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The Forum > Article Comments > Lessons not yet learned: a bushfire tragedy > Comments

Lessons not yet learned: a bushfire tragedy : Comments

By Max Rheese, published 16/2/2009

The tragedy of these bushfires is the failure of public land managers to heed lessons from past holocausts.

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Max,

Thanks for a thoughtful piece emphasising the need to learn from history and get over current politics.

Here is a link to a piece by Jim Hoggett "The Uses and Value of National Parks: Does More Mean Worse?" focusing on NSW,was written just a few years ago, and also suggests the potential for multiple use... http://www.ipa.org.au/publications/617/the-uses-and-value-of-national-parks-does-more-mean-worse-

And could you give a breakdown regarding your figures for increase in area of Nationa Parks - are these National figures or for Victoria?
Posted by Jennifer, Monday, 16 February 2009 11:16:09 AM
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Ah the Australian Environment Foundation,, where one director is also on the board of the Lavoisier Group, another used to work for a farmers' lobby group and the ONLY web link provided to climate change information is to Bob Carter. Forgive me if I look elsewhere for a balanced analysis of bushfire management.

Just to think laterally, instead of making the community manage national parks in the interests of the handful of people who want to live right next door to them, it would make more sense to stop them building homes there in the first place. Just a thought.
Posted by Ken_L, Monday, 16 February 2009 11:34:51 AM
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With the Queen's Birthday Honours coming up in June, I'd urge Premier Brumby, on behalf of the government and the people of Victoria, to nominate the Country Fire Authority, as a body, for an Order of Australia award in recognition of the bravery of its members in fighting the Black Saturday firestorms.

Brian Haill
Frankston,Victoria
Posted by Sydney, Monday, 16 February 2009 11:41:03 AM
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Who is going to pay for all this burning?
Not to mention the people who will pay due to increased air pollution. There was a reason Cook called this "the continent of smoke". Is that what we really want?
Not to mention OH&S will reduce the effectiveness and ability to do burnoffs. One dead firey or a burnoff that escapes and destroys property and its all over.

Also when pray tell during the last 12 years of drought would have been a good time of year for these massive burn offs? Winter is too cold, summer is out of the question which leaves spring and autumn, times of unpredictable and sometimes severe weather. Just what you dont want when your trying to control a deliberatly lit fire.
Posted by mikk, Monday, 16 February 2009 11:46:53 AM
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In response to Ken_L and mikk, perhaps it would be best instead of looking for reasons not to listen that you instead stop for ten seconds and look around. Now I don't know where you are and quite frankly I don't really care, Why? Because uncontrolled fire threaten everyone! It does not matter if you live on the edge of a national park or in the centre of the largest city once a fire grows large enough it will begin to influence the weather patterns of the local environment creating its own micro weather system. And once a raging fire has command over the weather all that can be done is to get out of its way, there is nothing, absolutely nothing, we can do to stop a fire like that. And how pray tell does a fire grow large enough to influence the weather, well it can only do that if it has enough fuel.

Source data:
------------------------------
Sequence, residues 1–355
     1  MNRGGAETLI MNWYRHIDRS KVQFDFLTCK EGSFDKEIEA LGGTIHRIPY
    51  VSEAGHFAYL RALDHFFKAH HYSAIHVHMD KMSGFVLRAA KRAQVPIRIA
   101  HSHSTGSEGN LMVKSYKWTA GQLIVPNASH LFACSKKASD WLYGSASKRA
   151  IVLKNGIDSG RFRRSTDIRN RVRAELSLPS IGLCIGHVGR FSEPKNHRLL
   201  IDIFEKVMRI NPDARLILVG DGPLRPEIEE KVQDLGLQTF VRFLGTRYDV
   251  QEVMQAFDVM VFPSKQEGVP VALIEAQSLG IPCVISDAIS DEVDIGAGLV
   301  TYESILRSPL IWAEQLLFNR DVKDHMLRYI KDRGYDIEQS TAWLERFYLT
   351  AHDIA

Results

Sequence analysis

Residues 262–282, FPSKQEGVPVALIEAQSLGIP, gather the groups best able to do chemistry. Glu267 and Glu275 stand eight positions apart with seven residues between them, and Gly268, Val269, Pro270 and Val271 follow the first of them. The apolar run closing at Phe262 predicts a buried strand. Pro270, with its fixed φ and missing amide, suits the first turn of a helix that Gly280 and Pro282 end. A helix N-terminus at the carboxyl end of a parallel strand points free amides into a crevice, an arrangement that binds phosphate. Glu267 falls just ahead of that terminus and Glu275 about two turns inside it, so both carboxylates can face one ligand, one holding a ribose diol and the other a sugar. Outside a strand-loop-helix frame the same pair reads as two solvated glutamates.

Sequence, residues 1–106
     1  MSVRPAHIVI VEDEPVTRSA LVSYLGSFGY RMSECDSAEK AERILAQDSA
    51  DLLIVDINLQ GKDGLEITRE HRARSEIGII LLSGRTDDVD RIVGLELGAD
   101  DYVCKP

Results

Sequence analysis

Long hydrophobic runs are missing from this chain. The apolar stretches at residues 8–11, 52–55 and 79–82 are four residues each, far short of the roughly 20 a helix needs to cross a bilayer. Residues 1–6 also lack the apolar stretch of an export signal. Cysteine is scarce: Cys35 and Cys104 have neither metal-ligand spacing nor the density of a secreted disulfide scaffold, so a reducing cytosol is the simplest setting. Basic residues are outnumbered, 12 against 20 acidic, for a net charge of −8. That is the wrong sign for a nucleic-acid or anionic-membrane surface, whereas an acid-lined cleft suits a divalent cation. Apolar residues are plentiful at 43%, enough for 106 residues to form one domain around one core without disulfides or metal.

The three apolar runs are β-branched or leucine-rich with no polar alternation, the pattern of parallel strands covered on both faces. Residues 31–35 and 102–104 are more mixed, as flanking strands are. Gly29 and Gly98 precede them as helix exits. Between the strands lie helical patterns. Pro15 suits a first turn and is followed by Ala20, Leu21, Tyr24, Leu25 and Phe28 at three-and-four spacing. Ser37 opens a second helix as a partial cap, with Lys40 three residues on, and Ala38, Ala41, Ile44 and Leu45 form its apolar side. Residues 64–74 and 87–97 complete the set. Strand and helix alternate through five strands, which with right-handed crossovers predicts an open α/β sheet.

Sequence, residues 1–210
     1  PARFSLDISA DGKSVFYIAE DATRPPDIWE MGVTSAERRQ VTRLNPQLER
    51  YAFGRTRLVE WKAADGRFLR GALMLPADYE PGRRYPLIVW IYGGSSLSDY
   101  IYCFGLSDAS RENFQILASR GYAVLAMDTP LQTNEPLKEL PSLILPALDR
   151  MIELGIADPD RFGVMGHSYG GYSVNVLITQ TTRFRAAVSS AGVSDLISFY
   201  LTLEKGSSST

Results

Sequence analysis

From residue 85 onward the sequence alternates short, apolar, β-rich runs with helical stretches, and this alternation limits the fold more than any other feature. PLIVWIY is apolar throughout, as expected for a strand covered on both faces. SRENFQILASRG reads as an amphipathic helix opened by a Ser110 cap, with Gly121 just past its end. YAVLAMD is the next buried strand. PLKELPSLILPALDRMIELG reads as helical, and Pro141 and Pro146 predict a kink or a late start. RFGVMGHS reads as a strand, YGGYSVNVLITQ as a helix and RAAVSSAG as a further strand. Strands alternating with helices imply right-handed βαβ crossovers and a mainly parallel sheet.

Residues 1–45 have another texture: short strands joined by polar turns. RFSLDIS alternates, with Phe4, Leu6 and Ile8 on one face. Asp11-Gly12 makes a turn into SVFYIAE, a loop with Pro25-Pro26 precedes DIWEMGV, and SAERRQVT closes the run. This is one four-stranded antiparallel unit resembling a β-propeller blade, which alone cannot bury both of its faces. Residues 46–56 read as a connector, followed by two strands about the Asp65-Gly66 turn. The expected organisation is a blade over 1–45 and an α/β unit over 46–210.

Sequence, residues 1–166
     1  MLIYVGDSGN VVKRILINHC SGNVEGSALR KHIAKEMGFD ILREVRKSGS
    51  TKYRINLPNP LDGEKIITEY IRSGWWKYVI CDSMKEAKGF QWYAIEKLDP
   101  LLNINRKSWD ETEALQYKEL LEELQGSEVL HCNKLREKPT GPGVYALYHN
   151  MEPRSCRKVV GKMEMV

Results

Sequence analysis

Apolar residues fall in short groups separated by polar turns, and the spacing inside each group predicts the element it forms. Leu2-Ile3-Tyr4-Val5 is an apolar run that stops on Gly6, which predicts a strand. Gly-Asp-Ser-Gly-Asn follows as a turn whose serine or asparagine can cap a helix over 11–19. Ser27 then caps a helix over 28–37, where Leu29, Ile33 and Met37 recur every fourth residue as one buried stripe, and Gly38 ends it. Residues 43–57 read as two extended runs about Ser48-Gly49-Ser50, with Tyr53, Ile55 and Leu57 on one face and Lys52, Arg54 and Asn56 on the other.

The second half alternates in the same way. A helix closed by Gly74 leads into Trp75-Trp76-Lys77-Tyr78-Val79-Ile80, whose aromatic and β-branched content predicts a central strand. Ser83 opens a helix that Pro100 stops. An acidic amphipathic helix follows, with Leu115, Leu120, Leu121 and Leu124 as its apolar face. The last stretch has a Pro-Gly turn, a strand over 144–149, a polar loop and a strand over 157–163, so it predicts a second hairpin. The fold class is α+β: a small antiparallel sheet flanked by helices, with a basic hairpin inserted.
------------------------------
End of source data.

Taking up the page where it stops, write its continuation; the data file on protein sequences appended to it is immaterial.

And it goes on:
Proscribed burning is the only effective way to reduce the fuel loads in the deepest areas of national parks and public lands. The exact same areas where a fire can start and get a strong foothold before anyone even knows. As for money, i.e. who will pay for it, let me ask this who will pay for the aftermath of the Victorian fires? We will of course. Insurance companies will need to recoup their losses and how? By raising premiums! Government agencies have dipped into funds held by the treasury which will need to be replaced for the next disaster and how? There will be less spending on capital works, sorry no new hospital this week. So let me ask this, which is better millions today or billions tomorrow?

I know I have been sarcastic in this post, and I do appologise, but it is only because I cannot believe that anyone would want a little more money in their pocket or be blinded by a personís history rather than wanting a little piece of mind that they and fellow Australians are safe.
Posted by Arthur N, Monday, 16 February 2009 12:09:21 PM
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Max, your good call, will fall on deaf ears as the greens and the labor party store great political and financial power in the unjust control of land use on private property owners and their ability to prepare and defend against bush fires and other pests.

These same greens and labor governments hypocritically neglect their responsibilities on government owned property now which prove to be at our greatest expense since 1942.

This just proves that labor and green politicians and their governments are not accountable for their decisions.

These bush fires are a deliberate political failure on the part of the greens and labor state and local councils policies all over Australia.
Posted by Dallas, Monday, 16 February 2009 12:32:51 PM
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